Q.: At what temperature does concrete cure best?
A.: By "best" we assume that you mean "most thoroughly" and not "fastest." The higher the temperature the faster the concrete will cure. But concrete cured at high temperatures generally does not reach as high an ultimate strength.
Investigations by Paul Klieger reported in the Portland Cement Association Research Bulletin 103 show the strength of Type I portland cement concretes at various ages when cured for the first 28 days at temperatures of 120°, 105°, 90°, 73°, 55°, 40° and 25°F, and then cured for the remaining period at 73°F until an age of 365 days. At an age of 1 day the 120°F concrete was strongest and the 25°F concrete was weakest. By 7 days the high-temperature cured concretes had no more strength than the 73° concrete or even less. By the age of 28 days the high-temperature concretes were weaker than the 73° concrete. From 28 days to 1 year the 55° concrete was considerably stronger than the 73° concrete. From 90 days onward the 40° concrete was stronger than the 73° concrete and the 25° concrete was slightly stronger than the 73° concrete. All of this suggests that, provided there is continuous curing, concrete cured at about 55° for the first 28 days ultimately reaches the highest strength.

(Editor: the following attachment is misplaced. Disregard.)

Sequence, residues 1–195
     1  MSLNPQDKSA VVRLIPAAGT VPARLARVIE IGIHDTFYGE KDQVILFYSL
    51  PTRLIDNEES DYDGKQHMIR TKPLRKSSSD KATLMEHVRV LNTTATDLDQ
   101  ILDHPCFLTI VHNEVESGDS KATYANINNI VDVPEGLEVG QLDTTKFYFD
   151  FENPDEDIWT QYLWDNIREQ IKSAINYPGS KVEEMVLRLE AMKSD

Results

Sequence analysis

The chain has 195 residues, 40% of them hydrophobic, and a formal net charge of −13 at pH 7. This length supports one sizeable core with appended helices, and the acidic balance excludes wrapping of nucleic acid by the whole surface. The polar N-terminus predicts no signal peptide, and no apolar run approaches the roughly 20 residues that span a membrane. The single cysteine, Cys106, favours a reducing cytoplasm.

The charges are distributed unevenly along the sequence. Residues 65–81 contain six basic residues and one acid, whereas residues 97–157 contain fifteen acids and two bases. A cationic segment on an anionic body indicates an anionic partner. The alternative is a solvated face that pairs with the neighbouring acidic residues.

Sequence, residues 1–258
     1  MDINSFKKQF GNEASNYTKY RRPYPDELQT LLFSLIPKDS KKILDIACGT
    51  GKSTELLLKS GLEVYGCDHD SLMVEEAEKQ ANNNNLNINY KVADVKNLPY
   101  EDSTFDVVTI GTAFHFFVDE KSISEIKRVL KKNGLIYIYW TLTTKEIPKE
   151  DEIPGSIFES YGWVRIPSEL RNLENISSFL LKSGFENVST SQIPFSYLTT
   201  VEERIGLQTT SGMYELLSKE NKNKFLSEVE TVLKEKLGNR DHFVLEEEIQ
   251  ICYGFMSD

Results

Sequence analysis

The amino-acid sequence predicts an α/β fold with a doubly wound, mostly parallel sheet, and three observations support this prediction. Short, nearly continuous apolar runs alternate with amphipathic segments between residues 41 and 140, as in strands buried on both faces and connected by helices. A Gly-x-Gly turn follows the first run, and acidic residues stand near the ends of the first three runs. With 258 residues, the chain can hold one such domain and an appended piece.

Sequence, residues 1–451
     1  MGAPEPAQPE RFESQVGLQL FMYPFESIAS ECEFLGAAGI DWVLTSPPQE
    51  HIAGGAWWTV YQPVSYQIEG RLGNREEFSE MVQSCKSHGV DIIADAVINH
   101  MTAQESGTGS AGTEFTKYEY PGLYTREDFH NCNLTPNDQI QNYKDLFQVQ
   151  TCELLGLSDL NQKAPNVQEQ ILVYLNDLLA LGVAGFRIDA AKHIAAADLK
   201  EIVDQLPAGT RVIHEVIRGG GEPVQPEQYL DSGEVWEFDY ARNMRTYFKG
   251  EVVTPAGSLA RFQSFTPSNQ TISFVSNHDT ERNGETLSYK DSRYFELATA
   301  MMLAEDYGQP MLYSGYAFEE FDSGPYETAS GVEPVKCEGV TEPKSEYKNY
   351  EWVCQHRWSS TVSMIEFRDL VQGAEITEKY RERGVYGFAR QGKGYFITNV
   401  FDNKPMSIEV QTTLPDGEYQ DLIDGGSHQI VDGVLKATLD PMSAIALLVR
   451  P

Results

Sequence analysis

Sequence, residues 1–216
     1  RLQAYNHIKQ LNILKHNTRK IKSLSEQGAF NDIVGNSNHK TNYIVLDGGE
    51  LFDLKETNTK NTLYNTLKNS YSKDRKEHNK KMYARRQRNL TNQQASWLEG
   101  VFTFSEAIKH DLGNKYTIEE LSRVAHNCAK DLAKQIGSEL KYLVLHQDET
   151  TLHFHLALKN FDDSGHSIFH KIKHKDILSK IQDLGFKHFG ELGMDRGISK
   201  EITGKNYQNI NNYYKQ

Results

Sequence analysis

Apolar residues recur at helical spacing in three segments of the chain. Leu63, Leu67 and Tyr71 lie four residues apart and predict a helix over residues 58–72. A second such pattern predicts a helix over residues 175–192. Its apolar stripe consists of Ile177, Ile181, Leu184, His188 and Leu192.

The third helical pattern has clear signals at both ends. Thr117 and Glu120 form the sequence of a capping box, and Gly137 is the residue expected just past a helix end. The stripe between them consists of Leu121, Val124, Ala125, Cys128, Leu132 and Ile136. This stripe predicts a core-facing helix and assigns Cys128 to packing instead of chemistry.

Klieger also investigated Type II and Type III cements under the same conditions and concretes made with each of these cements with 2 percent calcium chloride. Data for the other cements and admixtures resembled the results described for Type I but were not identical. Although the best curing temperature was 55°F for Type I and Type II cements, for Type III the best temperature was 40°F.